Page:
July 9, 2018
By Arthur H. Gunther III
A recent painting, “Abstract on a Red Wall,” came about because what I had on the canvas was not working — there was nothing there that told a story or suggested one. The colors could not stand on their own. The form, the line, had no structure that beckoned. It wasn’t frustrating because it was just media and paint and a missing ingredient — inspiration. It wasn’t the end of the world.
I had other things to do: take a walk, watch a favorite British do-it-yourself show (amazing how the English build with older techniques and tools), maybe eat a donut or just chill.
The eventual rescue, and rescues usually do come, was in letting go. The painting did not have to get done, not that day or week or month. I wasn’t earning a living at it; it wasn’t going to be recognized as exceptional. It wasn’t going to complete my soul. I would not have dreams about the painting.
Letting go did the trick. Whatever mundane tasks I went off to complete, whatever time spent doing not much of anything, chilled me enough to return to that particular canvas.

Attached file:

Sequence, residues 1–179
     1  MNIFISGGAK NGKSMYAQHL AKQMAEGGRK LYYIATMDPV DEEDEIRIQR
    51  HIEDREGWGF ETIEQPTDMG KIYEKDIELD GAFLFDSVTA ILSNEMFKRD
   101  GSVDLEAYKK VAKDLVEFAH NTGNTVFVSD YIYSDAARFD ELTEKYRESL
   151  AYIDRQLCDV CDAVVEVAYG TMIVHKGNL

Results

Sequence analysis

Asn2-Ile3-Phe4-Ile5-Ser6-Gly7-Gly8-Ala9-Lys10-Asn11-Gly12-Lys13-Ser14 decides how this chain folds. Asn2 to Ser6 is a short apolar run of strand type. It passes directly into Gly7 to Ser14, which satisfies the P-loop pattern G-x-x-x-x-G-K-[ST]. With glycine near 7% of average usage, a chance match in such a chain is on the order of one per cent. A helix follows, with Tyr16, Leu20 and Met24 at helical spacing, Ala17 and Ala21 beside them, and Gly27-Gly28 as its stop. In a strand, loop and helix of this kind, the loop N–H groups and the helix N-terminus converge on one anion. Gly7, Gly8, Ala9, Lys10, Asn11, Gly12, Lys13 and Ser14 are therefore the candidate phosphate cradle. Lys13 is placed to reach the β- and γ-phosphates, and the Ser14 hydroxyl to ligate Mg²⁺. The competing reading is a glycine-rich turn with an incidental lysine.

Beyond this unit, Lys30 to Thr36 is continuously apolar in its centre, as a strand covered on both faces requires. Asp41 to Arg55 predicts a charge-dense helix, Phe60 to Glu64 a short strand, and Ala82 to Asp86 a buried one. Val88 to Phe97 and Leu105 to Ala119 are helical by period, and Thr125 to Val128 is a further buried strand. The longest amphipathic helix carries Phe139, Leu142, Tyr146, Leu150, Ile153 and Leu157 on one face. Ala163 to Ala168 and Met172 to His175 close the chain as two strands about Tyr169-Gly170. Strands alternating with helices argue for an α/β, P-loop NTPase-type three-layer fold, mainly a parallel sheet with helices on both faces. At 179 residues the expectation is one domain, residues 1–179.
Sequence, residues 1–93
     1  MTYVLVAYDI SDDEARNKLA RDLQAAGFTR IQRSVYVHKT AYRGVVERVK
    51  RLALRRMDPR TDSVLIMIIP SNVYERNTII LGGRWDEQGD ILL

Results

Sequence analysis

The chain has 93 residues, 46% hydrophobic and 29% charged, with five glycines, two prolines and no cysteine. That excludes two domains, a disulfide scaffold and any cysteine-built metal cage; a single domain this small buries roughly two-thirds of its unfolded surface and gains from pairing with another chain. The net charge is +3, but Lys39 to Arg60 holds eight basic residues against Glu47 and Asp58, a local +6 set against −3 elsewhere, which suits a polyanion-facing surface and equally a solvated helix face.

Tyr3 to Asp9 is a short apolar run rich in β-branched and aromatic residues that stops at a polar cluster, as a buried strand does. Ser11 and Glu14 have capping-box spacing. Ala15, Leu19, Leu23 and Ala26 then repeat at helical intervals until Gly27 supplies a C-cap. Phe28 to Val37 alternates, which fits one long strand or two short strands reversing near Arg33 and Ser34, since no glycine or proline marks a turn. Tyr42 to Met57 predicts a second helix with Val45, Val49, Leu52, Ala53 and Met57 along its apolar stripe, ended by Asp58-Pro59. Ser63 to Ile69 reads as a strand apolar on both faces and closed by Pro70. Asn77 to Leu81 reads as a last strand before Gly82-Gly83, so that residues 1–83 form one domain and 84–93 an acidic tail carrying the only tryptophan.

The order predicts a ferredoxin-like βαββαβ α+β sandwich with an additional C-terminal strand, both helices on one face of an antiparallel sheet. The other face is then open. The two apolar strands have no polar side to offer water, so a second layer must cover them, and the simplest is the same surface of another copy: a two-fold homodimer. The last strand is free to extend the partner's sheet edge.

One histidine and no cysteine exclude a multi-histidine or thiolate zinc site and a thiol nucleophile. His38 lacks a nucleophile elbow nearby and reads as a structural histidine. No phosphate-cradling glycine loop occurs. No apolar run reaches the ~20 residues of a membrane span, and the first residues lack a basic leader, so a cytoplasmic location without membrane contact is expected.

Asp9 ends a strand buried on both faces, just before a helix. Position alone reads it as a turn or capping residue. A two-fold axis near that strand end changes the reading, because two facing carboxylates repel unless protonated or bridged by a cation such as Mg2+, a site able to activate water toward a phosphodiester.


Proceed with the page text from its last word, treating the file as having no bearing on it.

In its execution, I soon found I was painting a wall, with the hint of a hallway to the left. The work itself became largely red, much like the hue you see in a Piet Mondrian (though hardly approaching that artistry).
The upper righthand corner of the piece soon included part of a second painting, a painting within a painting, an abstract of various colors and angles in its own frame.
There — the work was done. There was “color field,” predominant red but other colors, too, that stood on their own. Yet there was a story as well, suggested by the hallway, the angles in the painting, the overall look.
It was, in its very own small way, art imitating life. The hallway was my walk-out from the original painting that was not working. The angles were the this and that which I did away from the work. And the red, so much of it, was renewed zest.
A small thing overall, just a time in the life, affecting no one but affirming existence. We have all been there.
The writer is a retired newspaperman. Contact: email@example.com